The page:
Your Destination Guide to Maui

Destination Guide Maui - Your Destination Guide to Maui, HI

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The history of Maui begins with the settlement of the Hawaiian Islands approximately 1500 years ago. Set at the northern tip of the Polynesian Triangle that extends from Aotearoa (New Zealand) in the southwest, to Rapa Nui (Easter Island) at its southeastern corner, the histories, languages, mythology, and cultures of the Polynesian people all evolved from the same roots. While scholars debate the exact date of human settlement in the Hawaiian Islands, nearly all estimates place the original contact anywhere from 300-800 A.D. by voyagers from the Marquesas Islands. During a time when few cultures navigated outside of direct sight of land, the early Polynesians were gifted seafarers and navigators that are regarded as among the most courageous and talented in the history of human movement. It is also believed by many scholars that a second group of voyagers from Tahiti arrived around the 12th century, supplanting the Marquesan settlers and taking the reigns as supreme leaders in the Hawaiian culture. These settlers instituted the strict ruling class system that would dominate daily life in Ancient Hawaii for centuries of ruling monarchs to come.

Ancient Hawaii:

As with many Western societies, Ancient Hawaii was run by feuding warrior-princes who engaged in traditional methods of land acquisition, including calculated marriage and brutal warfare. Of the many ruling chiefs, or mo'i, to rule Maui, some names are intrinsically linked to the long history of this great island.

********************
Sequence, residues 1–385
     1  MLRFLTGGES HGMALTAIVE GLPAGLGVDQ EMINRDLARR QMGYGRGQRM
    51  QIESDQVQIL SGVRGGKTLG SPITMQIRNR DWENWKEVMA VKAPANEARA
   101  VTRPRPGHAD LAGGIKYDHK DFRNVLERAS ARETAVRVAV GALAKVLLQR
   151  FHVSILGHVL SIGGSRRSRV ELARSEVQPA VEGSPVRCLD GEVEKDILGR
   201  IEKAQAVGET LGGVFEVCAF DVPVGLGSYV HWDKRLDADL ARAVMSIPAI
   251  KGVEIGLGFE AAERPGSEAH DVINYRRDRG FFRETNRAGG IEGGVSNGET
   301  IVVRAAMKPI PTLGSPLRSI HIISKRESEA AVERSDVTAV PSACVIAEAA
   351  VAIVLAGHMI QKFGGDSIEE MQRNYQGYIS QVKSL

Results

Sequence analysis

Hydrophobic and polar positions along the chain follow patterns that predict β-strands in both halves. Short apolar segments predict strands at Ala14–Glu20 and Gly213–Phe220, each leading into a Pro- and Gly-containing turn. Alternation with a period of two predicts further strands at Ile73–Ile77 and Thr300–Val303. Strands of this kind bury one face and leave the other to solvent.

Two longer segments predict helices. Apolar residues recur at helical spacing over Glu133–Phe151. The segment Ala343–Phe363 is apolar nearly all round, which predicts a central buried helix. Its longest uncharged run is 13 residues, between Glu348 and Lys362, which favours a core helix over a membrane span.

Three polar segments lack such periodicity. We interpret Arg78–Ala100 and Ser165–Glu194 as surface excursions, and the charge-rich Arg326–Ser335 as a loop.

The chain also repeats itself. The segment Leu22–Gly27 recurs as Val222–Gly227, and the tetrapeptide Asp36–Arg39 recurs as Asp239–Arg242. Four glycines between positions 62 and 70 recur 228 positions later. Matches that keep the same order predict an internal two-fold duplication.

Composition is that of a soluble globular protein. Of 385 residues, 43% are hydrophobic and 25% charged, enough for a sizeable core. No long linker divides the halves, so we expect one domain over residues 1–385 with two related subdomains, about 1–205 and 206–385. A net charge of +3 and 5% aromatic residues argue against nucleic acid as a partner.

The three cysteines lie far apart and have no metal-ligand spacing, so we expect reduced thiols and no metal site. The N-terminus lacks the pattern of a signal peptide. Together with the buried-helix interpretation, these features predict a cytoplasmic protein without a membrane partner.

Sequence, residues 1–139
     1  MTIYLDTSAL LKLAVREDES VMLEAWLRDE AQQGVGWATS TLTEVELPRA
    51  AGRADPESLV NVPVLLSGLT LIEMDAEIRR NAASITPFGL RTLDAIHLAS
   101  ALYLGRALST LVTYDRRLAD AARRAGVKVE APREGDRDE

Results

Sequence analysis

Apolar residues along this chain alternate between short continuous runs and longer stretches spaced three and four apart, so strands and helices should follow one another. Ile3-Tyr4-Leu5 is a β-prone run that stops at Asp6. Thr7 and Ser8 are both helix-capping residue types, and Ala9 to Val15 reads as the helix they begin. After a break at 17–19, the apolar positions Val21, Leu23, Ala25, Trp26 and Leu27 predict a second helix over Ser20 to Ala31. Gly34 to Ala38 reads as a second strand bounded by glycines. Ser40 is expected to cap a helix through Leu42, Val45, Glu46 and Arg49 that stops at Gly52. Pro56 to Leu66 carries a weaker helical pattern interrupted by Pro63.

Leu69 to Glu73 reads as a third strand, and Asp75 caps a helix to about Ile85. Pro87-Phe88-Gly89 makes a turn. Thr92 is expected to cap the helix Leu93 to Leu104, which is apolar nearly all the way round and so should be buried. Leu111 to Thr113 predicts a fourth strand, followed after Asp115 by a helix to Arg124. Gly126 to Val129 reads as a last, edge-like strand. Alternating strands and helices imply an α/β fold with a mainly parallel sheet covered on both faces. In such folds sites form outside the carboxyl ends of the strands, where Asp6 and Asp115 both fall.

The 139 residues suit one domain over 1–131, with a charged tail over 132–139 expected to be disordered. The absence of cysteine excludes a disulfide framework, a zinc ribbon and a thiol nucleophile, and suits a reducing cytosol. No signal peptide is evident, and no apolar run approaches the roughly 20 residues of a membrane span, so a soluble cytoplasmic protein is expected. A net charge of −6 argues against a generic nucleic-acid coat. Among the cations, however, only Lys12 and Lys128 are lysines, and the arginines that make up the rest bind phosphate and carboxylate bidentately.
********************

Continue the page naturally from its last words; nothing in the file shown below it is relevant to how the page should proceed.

One such ruler was King Pi'ilani, a 15th Century chief who is believed by Hawaiians to be the 130th generation descendant of Wakea, the God of Light. A noble ruler who led the island into a time of unprecedented prosperity, Pi'ilani is revered as no other and is best known as the first ruler to unite the districts of East Maui and West Maui through the construction of a footpath that encircled the entire island, the first of its kind in the entire island chain. Remnants of this 138-mile path are still visible today in remote, undeveloped corners such as Makena and Nu'u. In addition to the highway, Pi'ilani constructed many great temples, or heiau, including the towering Pi'ilanihale heiau in Hana, regarded as the largest ever built. To honor this great ruler, the modern day highway that serves all of West Maui (Highway 30 on a road map), is named Honoapi'ilani highway—literally "the bays of Pi'ilani—as it connects all the beaches and coves belonging to this former ruler.

While Pi'ilani oversaw a time of peace and prosperity, the 18th century ruler Kahekili—perhaps the island's most infamous—is best remembered for his outstanding courage and his propensity for the art of war. Born in 1706 in Hali'imaile, Kahekili was reputed to stand seven feet tall and weigh 300 pounds. A tenacious warrior, Kahekili tattooed the entire side of his body black from head to toe. Over the course of his fierce rule, Kahekili overthrew the kings of Oahu and Kauai, eventually extending his influence to every district in the chain, save for neighboring Hawai'i island. Up until this point in history, no one king had exerted power over such a large swath of territory.